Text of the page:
Neither animal is poisonous, aggressive or grows to an appreciable size so you don't have to worry too much!

Also, I think the American Collared Lizard looks more like the Australian Tommy.

www.auswildlife.com...



[edit on 3-8-2010 by OZtracized]

[edit on 3-8-2010 by OZtracized]



posted on Aug, 3 2010 @ 09:34 AM
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reply to post by Aquarius1
 


If only i had photos of them when they were little.. hanging in a sheepskin homemade "pouch" wearing disposable nappies... soo cute.. hahahah




posted on Aug, 3 2010 @ 09:44 AM
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reply to post by Funk bunyip
 


Sure they are adorable, I lived in Northern Florida for a very short time and there were these tiny lizards who lived in my plants on my Lanai, had to make sure the door to inside was closed as they would scamper in.



posted on Aug, 4 2010 @ 05:51 AM
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Thank you so much Aquarius1 , yes I am a fairly new sign up ( but have observed for quite sometime) .So thank you for the images and the welcome , you're the first and only to do so , so you're on my friend list now
and I have given you a flag too .
Nice image of a collard lizard . The top lizard image is a error though never mind . It is no dragon or a dwarf LOL , that is a mertens water monitor .I have one here as a pet , she is about 1.6 metres long LOL
.
The image that Oztracized posted of a tommy is closer , we have a genus of lizards ( dwarf dragon ) called Ctenophorus ,morphicly they are the spitting image of the collared lizard other than colour and pattern .
Ctenophorus isolepis and pictus commonly known as the millitary dragon and painted dragon I wouldn't expect you to know that anyway .No need to post as I think most understand now what I am getting at and bottom line it supports your great OP .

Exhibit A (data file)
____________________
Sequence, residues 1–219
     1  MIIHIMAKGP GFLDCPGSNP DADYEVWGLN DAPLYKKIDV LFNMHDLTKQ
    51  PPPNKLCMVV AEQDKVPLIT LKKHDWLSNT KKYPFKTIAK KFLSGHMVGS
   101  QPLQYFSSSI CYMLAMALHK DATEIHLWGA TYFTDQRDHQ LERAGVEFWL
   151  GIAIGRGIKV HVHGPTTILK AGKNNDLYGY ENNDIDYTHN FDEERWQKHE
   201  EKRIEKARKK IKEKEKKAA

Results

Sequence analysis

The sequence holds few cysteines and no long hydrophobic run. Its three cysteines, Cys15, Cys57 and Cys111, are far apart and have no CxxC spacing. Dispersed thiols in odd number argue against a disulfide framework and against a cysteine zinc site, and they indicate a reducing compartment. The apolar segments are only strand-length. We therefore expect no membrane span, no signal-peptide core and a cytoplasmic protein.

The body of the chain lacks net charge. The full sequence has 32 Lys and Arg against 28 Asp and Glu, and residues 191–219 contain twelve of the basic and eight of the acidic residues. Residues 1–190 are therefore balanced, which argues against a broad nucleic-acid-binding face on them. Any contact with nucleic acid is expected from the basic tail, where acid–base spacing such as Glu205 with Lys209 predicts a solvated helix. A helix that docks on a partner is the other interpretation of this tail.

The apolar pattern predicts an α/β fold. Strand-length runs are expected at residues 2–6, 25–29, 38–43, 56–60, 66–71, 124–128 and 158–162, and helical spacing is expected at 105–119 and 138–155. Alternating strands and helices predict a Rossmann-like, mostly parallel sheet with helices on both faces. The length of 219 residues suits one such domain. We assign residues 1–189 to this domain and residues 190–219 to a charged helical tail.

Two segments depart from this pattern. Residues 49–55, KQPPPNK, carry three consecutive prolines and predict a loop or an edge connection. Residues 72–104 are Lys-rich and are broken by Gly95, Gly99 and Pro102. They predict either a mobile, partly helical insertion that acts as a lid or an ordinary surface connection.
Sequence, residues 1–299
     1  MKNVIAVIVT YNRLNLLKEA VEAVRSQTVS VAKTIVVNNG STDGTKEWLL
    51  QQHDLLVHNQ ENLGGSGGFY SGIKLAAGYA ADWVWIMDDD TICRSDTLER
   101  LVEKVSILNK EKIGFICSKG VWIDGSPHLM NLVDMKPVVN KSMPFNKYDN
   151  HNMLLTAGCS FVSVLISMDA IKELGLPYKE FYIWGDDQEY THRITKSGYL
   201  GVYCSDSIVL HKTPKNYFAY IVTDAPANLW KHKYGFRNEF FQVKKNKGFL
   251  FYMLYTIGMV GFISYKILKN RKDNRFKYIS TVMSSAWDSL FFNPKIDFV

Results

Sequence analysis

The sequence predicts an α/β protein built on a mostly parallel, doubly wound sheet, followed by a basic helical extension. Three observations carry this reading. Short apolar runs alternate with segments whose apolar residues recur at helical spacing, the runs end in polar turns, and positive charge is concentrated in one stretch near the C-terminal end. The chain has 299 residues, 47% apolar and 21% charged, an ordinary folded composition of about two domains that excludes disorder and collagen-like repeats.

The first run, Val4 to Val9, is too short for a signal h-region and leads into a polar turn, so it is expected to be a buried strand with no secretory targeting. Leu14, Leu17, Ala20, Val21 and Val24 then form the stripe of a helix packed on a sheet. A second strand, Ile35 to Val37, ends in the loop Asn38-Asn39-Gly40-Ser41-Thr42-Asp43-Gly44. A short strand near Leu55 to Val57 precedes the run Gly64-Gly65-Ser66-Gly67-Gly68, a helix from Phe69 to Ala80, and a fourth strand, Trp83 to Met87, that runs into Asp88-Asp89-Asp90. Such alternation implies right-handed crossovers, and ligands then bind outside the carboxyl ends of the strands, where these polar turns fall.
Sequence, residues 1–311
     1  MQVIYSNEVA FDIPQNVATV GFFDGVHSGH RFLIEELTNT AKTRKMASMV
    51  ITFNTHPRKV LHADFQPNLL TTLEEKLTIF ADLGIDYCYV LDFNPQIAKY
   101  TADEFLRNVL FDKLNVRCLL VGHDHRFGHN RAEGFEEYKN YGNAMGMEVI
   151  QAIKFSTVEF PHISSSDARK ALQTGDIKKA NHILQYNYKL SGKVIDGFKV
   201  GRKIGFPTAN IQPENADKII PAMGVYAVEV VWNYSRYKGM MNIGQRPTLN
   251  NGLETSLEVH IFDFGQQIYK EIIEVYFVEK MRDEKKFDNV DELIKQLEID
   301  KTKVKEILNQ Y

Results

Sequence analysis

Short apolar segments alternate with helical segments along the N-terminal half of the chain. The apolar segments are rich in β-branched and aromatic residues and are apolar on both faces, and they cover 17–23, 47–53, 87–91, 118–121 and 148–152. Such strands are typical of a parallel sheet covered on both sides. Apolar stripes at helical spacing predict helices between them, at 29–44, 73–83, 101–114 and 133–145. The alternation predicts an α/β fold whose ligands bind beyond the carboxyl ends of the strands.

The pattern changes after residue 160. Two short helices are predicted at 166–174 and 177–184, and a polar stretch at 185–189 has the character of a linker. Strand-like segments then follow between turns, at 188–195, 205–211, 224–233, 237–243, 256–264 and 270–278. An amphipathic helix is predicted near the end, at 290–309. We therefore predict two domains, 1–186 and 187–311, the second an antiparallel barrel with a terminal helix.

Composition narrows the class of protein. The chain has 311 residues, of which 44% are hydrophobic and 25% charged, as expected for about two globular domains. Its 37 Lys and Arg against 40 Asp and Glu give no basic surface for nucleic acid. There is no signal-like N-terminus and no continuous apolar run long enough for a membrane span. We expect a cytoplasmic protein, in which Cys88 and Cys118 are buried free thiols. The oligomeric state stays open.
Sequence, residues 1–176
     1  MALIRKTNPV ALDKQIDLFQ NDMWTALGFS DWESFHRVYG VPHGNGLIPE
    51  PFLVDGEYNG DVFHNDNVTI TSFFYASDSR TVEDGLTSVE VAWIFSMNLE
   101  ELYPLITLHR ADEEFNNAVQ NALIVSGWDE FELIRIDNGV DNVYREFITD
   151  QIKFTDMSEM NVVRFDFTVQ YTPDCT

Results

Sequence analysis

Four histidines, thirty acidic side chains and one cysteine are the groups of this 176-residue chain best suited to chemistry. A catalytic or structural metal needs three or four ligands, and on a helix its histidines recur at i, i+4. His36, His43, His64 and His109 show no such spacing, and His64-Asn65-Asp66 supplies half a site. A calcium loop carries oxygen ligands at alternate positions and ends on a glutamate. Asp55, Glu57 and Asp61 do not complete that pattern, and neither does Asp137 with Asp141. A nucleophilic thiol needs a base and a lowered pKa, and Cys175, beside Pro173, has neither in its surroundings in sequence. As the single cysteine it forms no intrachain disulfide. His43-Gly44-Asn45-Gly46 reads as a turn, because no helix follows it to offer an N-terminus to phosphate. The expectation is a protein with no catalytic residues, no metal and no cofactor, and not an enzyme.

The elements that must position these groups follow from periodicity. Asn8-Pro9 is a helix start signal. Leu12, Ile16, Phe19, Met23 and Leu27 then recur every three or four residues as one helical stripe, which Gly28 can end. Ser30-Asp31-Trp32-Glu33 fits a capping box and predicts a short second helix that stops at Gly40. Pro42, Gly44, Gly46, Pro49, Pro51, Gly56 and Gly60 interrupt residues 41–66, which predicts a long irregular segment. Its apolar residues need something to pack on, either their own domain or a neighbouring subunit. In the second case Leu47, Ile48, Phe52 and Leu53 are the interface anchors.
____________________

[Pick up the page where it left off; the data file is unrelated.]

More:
I have a funny story for you from yesterday about reptiles . I had a knock on the door at 8am from the postman , I thought he needed me to sign for a parcel but no he says are you the snakeman ( Signed venomous snake removal on my 4X4 ) .I say yes and he says follow me .I obliged and he shows me a 8 and a half foot carpet python swallowing a fruitbat ( about 2 feet across the wing span ) on a driveway a couple of doors down . I told him I would remove it shortly , when it had worked the bat down as I didn't want to deprive the python of a meal and didn't want the bat to go to waste as it had already been killed .So I came back a little later and put him in my backyard to digest his meal . He's still there today as I knew he would be . Will take about a week or more to digest and snakes are not very mobile with a lump like that in them. Anyway a bit off topic with reptiles , this a marsupial post right LOL .I'm not much of a cute cuddly mammal person and considering I live in Australia I don't like Marsupials much , I prefer placental mammals more so I guess the grass is greener on the other side .I would love to come to the States sometime to photograph and study the wildlife ( knowing my life I'd be stopped at the airport ha ha ) .If you ever come to Queensland Australia you have a tour guide for our wildlife and National parks if you ever want one .Cheers .